Allegheny County Medical Examiner

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The Office of Allegheny County Medical Examiner investigates cases of persons who die within Allegheny County, Pennsylvania from criminal violence by casualty or by suicide, when unattended by a physician; under correctional custody or any other suspicious or unusual manner. The office's jurisdiction includes the city of Pittsburgh and its immediate suburbs.

Prior to 2005 the "Coroner" was an elected position within the county, however on December 29, 2005 the position was abolished and retitled "Medical Examiner" with all future office holders being appointees of the Allegheny County Executive (Mayor) once approved by county council. Longtime coroner Wecht continued to serve as both the last coroner and first medical examiner.[1]

The Medical Examiner's Office also houses the Forensic Laboratory Division for the county. The disciplines within the laboratory are Drug Chemistry, Environmental Health, Firearms/Toolmarks, Forensic Biology, Latent Prints, Mobile Crime Unit, Toxicology, and Trace Evidence.

The office made headlines in the 1930s in its investigations into some of the Mad Butcher Killings.[2] In the 1950s the office (headed by William McClelland) was a leader in attempting to raise the driving age from 16 to 18.[3] The 1970s had the office gaining national prominence as Dr. Wecht led several investigations into the Kennedy Assassination.[4][5][6]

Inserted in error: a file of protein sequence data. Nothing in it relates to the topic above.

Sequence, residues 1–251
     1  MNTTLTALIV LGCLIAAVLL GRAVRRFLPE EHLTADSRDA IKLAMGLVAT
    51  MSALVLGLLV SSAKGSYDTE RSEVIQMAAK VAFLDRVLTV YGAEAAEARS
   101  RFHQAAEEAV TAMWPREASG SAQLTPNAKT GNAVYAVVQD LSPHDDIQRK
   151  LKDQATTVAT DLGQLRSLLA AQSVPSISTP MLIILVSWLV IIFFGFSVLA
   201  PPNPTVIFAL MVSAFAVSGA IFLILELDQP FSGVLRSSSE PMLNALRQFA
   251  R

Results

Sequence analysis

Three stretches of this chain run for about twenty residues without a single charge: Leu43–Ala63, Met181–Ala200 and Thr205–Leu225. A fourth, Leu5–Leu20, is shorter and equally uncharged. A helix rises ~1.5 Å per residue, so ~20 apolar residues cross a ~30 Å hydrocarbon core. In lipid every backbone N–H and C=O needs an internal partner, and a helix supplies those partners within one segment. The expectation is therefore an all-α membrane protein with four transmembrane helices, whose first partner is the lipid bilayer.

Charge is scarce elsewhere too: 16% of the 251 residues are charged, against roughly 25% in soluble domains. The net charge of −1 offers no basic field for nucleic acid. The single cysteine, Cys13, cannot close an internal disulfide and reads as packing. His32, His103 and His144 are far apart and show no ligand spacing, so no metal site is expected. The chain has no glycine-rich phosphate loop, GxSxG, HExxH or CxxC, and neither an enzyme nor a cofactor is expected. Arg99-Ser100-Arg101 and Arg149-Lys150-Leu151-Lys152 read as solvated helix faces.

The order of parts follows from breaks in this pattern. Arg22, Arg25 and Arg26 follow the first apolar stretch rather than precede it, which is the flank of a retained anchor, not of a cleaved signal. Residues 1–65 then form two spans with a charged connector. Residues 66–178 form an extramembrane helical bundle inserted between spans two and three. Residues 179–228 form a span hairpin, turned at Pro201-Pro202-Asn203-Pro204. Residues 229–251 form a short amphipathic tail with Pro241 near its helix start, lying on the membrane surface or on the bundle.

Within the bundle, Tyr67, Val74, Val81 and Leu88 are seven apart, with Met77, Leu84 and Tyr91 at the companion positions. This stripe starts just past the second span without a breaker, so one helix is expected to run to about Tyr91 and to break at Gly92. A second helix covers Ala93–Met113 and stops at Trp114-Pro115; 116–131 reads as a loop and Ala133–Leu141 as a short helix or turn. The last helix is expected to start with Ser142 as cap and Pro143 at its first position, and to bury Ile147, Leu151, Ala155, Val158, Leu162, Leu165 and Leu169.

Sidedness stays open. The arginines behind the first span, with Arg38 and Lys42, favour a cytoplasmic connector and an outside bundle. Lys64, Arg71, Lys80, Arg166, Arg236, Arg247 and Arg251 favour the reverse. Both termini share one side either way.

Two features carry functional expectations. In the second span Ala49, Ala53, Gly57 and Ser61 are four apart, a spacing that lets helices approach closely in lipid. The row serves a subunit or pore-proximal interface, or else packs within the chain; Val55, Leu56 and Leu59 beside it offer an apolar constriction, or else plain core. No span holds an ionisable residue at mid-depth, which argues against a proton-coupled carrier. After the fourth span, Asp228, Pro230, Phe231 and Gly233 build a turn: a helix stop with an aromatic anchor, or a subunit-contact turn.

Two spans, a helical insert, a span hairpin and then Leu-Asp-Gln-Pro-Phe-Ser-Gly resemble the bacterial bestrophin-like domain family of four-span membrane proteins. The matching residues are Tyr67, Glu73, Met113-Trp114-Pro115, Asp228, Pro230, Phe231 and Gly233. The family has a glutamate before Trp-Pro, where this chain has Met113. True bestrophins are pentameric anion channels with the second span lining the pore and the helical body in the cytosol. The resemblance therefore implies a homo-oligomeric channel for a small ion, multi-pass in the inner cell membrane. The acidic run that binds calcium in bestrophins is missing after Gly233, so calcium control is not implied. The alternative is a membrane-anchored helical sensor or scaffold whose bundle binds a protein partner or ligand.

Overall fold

County Medical Examiner office


The office, then known as the Corner's office, was located at #6 Eighth Street in 1901.[7]

The office has been headed by several notable coroners/medical examiners including:

Further reading[edit]


  1. ^ Lovering, Daniel (December 30, 2005). "Famous coroner Wecht to be county's first medical examiner". Retrieved December 30, 2011.
  2. ^ "Say 'Butcher' Slew 3 Here". Youngstown Vindicator. May 4, 1940. Retrieved 2013-07-22.
  3. ^ "Pittsburgh Coroner Urges Minimum Driving Age of Eighteen for State". Washington Reporter. June 8, 1957. Retrieved 2013-07-22.
  4. ^ "On JFK slaying: Coroner claims views twisted". Spokane Spokesman-Review. June 12, 1975. Retrieved 2013-07-22.
  5. ^ Gilmore, Daniel (September 8, 1978). "JFK Panel Reaffirms One Bullet". Schenectady Gazette. Retrieved 2013-07-22.
  6. ^ "Doctor Claims Panel Distorted His Opinion". Spartanburg Herald-Journal. June 11, 1975. Retrieved 2013-07-22.
  7. ^ "Pittsburgh Commercial Gazette - Google News Archive Search".
  8. ^ "Onorato Names New Medical Examiner". WPXI-TV. 2006-12-22. Archived from the original on 2013-07-18. Retrieved 2013-07-21.
  9. ^ O'Toole, James (1990-07-21). "County politician William Hunt dies". Pittsburgh Post-Gazette. Retrieved 2013-07-21.
  10. ^ "Ex-Coroner Joseph Dobbs Dies at 63". Pittsburgh Post-Gazette. 1968-11-11. Retrieved 2013-07-21.
  11. ^ Pierce, Henry (March 8, 1963). "Expert Rips Coroners' Setup Here". Pittsburgh Post-Gazette. Retrieved 2013-07-21.
  12. ^ "McClelland Drubbed in Spankard's Ward". Pittsburgh Post-Gazette. 1954-05-19. Retrieved 2013-07-21.
  13. ^ "McClelland proposes State Ticket". Pittsburgh Post-Gazette. March 9, 1950. Retrieved 2013-07-21.
  14. ^ "Coroner Says He'll Run Again". Pittsburgh Press. July 1, 1937. Retrieved 2013-07-22.
  15. ^ "The Allegheny County Morgue on the move". Old Pittsburgh photos and stories | The Digs. Retrieved 2018-07-27.

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